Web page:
Pittsburgh mayor expects word from Pens this week

Updated: January 30, 2007, 11:09 AM ET
ESPN.com news services

PITTSBURGH -- The city's mayor says he expects to know soon if the Penguins will remain in Pittsburgh and move into a new arena, or leave, most likely for Kansas City, at the end of this season.

"I anticipate that sometime this week we will have an answer," Mayor Luke Ravenstahl told the Pittsburgh Tribune-Review on Monday. "There will be some kind of dialogue back and forth this week."

The Tribune-Review reported that Pennsylvania Gov. Ed Rendell and Penguins co-owner Ron Burkle spoke on Monday, but that another face-to-face meeting between the two sides has not been scheduled.

"We're making progress, but there is no deal by any means as of yet," Rendell said Monday of the situation. Asked about Ravenstahl's comments about a decision being made this week, Rendell said, "That could be."

Penguins officials declined to comment, the newspaper reported.

The team's lease at Mellon Arena, the oldest building in the NHL, expires in June. Last week at the NHL All-Star Game in Dallas, team co-owner Mario Lemieux said the time was drawing near for the Penguins to decide whether to stay or to relocate.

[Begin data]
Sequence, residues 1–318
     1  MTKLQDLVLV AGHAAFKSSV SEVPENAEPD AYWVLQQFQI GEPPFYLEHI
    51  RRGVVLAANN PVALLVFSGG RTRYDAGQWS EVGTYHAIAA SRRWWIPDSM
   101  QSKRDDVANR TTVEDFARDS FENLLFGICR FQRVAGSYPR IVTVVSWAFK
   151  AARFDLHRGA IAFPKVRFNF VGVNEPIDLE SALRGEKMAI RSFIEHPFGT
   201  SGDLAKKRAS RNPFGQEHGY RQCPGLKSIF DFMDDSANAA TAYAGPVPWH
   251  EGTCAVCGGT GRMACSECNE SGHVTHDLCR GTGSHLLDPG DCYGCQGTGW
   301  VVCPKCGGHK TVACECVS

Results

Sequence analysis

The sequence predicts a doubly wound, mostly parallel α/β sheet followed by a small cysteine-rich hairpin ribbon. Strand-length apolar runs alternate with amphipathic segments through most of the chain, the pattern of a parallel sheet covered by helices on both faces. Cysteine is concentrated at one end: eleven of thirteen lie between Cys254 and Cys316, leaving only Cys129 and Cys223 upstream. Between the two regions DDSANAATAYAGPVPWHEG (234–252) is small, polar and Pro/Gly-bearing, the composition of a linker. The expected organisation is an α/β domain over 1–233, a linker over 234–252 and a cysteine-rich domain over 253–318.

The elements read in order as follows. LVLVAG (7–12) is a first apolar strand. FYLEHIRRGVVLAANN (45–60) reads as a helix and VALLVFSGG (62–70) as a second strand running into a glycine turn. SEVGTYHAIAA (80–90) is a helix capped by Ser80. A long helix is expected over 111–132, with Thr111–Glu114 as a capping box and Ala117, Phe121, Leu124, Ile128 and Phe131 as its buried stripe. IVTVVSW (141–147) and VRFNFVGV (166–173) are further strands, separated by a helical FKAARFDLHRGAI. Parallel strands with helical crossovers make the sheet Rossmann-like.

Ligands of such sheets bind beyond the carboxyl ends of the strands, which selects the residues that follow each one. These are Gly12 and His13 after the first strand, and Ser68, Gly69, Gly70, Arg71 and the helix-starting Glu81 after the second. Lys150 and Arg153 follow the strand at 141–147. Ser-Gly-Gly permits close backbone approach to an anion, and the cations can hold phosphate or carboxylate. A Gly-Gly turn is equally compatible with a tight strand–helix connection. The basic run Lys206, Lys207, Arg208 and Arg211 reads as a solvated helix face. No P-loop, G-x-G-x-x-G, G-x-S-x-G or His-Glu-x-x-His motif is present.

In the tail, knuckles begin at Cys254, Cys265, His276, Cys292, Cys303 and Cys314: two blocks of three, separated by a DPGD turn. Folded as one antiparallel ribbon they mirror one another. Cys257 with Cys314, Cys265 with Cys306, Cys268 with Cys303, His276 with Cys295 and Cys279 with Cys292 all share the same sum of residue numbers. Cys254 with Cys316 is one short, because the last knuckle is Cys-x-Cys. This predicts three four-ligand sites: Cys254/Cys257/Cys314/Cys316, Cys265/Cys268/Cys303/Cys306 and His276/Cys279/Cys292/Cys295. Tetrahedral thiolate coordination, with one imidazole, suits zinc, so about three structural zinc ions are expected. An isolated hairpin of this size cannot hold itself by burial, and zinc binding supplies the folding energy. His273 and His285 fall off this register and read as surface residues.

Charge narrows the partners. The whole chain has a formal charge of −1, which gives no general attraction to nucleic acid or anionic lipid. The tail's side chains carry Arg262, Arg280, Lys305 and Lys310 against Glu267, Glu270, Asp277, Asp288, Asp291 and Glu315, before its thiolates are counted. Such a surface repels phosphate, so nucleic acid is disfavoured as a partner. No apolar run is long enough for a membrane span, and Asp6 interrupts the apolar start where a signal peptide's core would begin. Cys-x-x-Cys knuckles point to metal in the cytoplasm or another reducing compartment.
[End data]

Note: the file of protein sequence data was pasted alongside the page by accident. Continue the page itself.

The Penguins have not asked the league for permission to move, but have "reserved their right to make a formal relocation application" if they don't get an arena deal, deputy commissioner Bill Daly told the Tribune-Review.

Last week, Rendell said the city and state proposal for a new arena already was the best given any of Pennsylvania's seven major pro sports teams, and he threatened to take his case to the NHL Board of Governors if the Penguins attempted to move.

Lemieux said at the team's negotiating session with Rendell, county and city leaders took a step backward because of a request the team share revenues from a redevelopment of the Mellon Arena site with casino operator Don Barden.

Barden was chosen last month by the state gaming board to build the only slots machine parlor license granted in Pittsburgh. Barden has agreed to contribute $7.5 million per year toward a new arena, but also wants to redevelop the area around Mellon Arena, where the Penguins have played since 1967.

The Sprint Center in Kansas City has offered the Penguins free rent and revenue sharing if they move to the city, which had an NHL team -- the current New Jersey Devils franchise -- in 1974-76.

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